Has there ever been a time you judged yourself? Or that one time you resented yourself and repeatedly went over that event, thinking, “Gee, I wish I could’ve changed that one thing.” Has there ever been a time where you’ve said, “I’ll never be able to forgive myself”? Then, you begin to complain incessantly and blame others. “I see too many patients. There’s too much paperwork. Can you believe that the patient said that to me? How dare they? It is easier to blame others and complain with complainers than take the time to find those who are solution-driven.
I almost lost my job and nearly died because of the abovementioned. I was burnt out, 60 lbs. overweight, and addicted to gambling, alcohol, and drugs. Worst of all, I hated myself.
It is an overcast, drizzly Seattle morning. I’m opening the door from the primary care office to the urgent care area. Today, the lights are bright and fuzzy at the same time as I am walking in the corridor. It is as if I am heading into a dream state. You know, like in the movies with that cute piano sound. My director opens his office door, and I sit down. The tone of his voice is eloquent, easy to listen to, and full of compassion. He goes, “We’re worried about you. Why don’t you take some time off?” I say, “I know; I’ve been going through a lot since my best friend died of an overdose.” He says, “Take ten days off, and let’s check in later,” as another one of my directors is on the phone in agreement. I look at him and say, “I wonder what it feels like to sit down with a family and have dinner.” Now, I am flushed red in the face, sweaty, nose dripping. I’m sobbing, wiping tears with the palmar surface of my hands. I’m clinging to soaking tissues in a vain attempt to stop the waterfall of tears. I’m in a state of misery and uncontrollable sorrow. I’m at the peak of a mental breakdown.
My alcohol and drug use was there for the world to view; my patient scores were terrible, and my physician burnout was official. Oh, not to mention that my gambling addiction almost led me to lose my home, my 403(b), and my life’s work. I would go to a dual diagnosis center (rehab) to take care of untreated bipolar disorder, illicit drug use, and alcohol overuse. I would be off work for the next six months. For two years straight, I would be embarrassed, fearful of patient complaints, and judge myself perpetually as I walk through those clinic corridors.
I wish I had come up with Empower ACES and Disregard FACES before I was born to be in a state of emotional freedom. I wish that I went for mind hygiene on my emotions with ACES. But, nope. I didn’t. I was too busy blocking out my mental breakdown and trying to fix my adverse childhood experiences (ACEs). I’m glad you asked what mind hygiene is and those silly mnemonics.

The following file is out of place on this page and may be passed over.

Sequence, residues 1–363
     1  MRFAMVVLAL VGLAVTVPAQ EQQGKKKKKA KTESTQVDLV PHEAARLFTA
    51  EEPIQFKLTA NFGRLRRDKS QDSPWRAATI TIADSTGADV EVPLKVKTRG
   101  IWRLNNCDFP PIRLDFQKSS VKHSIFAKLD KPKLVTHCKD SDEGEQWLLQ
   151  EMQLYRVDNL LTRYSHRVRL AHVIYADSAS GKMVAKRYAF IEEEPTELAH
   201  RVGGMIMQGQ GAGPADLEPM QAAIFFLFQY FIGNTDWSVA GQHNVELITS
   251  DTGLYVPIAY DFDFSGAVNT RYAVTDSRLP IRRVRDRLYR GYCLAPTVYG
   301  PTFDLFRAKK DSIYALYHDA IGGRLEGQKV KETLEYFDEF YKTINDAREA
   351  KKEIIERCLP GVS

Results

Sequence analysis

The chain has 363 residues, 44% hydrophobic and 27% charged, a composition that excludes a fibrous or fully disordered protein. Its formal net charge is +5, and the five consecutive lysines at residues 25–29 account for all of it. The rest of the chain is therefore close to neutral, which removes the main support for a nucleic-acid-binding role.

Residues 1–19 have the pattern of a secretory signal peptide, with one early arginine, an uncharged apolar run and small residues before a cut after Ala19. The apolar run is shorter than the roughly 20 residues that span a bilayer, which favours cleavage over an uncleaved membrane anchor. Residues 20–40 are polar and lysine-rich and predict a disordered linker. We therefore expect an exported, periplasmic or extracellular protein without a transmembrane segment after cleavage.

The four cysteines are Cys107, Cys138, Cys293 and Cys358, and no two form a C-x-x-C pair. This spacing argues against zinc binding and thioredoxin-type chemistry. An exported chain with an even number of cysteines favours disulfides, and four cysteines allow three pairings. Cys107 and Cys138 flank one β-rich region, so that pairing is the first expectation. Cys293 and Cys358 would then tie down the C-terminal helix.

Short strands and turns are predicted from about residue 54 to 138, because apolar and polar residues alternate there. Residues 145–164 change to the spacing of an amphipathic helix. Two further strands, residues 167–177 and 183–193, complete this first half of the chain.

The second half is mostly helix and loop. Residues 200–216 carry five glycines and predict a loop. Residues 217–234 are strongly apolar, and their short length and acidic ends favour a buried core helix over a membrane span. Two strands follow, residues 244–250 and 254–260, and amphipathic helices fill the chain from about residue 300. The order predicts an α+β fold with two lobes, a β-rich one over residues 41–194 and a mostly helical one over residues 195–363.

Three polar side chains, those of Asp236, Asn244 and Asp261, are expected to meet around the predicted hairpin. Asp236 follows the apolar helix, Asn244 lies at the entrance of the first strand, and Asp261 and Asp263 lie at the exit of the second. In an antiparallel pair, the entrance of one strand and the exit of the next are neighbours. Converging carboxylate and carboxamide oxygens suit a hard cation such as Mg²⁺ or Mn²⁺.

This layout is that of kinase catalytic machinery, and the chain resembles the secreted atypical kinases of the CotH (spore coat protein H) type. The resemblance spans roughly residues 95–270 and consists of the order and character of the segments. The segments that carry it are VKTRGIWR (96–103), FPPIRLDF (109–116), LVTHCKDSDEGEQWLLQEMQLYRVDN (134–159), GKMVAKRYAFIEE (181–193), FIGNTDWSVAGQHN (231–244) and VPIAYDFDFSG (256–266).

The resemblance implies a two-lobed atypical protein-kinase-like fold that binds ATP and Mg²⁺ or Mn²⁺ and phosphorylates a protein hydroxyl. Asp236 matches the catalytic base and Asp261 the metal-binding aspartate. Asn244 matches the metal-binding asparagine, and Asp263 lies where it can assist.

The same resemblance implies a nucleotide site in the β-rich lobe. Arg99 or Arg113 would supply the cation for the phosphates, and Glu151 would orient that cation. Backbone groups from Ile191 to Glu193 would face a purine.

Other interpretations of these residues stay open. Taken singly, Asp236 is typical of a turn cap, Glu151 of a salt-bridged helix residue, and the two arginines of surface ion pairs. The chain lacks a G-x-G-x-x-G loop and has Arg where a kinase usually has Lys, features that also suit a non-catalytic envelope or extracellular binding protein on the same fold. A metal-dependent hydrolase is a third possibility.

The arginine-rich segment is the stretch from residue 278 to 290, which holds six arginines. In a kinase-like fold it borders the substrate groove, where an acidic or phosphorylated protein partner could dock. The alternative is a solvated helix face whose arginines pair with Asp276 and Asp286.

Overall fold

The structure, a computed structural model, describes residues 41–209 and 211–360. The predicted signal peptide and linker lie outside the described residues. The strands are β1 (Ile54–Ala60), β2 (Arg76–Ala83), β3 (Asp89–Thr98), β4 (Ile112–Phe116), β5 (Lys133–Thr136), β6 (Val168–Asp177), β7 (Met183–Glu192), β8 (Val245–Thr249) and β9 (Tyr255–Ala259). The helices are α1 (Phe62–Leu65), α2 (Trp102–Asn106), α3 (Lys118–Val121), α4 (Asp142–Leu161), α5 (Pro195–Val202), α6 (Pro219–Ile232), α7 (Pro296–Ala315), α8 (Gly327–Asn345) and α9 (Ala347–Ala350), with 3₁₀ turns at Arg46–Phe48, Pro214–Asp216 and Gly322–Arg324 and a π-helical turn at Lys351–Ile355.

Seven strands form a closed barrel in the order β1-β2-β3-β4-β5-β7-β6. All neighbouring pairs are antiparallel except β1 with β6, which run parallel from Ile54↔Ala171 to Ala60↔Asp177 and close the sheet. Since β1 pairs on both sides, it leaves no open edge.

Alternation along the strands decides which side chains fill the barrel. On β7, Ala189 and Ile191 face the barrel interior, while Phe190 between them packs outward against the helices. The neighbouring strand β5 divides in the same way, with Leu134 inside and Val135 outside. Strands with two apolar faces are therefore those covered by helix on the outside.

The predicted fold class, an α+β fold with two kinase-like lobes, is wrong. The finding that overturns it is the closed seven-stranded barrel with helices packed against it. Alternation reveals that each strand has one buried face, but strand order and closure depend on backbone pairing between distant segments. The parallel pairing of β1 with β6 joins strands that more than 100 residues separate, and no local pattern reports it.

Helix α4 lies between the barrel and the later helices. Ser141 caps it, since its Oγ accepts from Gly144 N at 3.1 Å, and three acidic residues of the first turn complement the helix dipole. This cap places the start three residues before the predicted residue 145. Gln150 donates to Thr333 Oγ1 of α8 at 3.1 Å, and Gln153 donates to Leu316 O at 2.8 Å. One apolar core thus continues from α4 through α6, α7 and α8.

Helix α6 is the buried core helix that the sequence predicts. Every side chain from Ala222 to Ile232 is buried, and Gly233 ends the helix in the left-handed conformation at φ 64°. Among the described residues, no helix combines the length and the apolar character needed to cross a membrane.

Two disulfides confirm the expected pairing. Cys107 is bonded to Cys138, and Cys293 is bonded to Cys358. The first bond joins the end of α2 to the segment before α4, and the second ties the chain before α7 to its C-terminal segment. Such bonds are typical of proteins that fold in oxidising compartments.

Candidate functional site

Accept your awareness
Communicate your compassion
Embrace your empathy
Soften and not harden
Control/Cope with/Deal with
Erase (block out)
When you fix, overcome, deal with, and be strong, you’re elated.
When you cannot, you judge yourself; then you’re 100 deflated.
What if I told you you can be easily emotionally free and not feel negated?
Communicate your emotions, no commotion; embrace them; don’t be belated.
It’s not hard if you, motivate you; inspire yourself, no debated.
Don’t let your resentments rent space in your head; you feel inundated.
Accept yourself radically compassionately, and don’t resent yourself and feel desecrated.
Communicate with sympathy and empathy, reap the benefits, and stay elevated.
– Sublime Shine
Have you ever tried to lose weight? Have you lost weight and had a hard time keeping it off?
Weight loss is easy. The tricky part is keeping the weight off. Emotional freedom is where your mind has lost weight. The tough spot is residing in the clouds of emotional freedom. That is why diets do not work. They only help you fix, overcome, control, and find coping strategies. Remember. These all translate to resentment when they don’t work.
I get it; I’ve been to cognitive behavioral therapy (CBT), dialectical behavioral therapy (DBT), eye movement desensitization reprocessing therapy (EMDR), a mindfulness certification, and so on.
This was not why I was successful. It is because I practice daily mind hygiene. This is where I write. I don’t think; I write.
In as little as seven days, you can enter emotional freedom. You can practice simple mind hygiene techniques with daily writing. For 10 seconds every hour. Just ACE yourself. There’s nothing to fix, overcome, control, or deal with. Accept your awareness, communicate your compassion, embrace your empathy, and soften the process (don’t make it seem complicated; that is a self-limiting belief). Write down your thoughts when you’re sitting down after seeing 12 patients in the first part of the day tomorrow.
This is the first step to being the greatest version of yourself and living your life devoid of resentment. This is the first step to enhancing how you communicate with yourself: communication with empathy. When you do, you can communicate with humans empathically and effortlessly.
Dhruva Gulur is a family physician.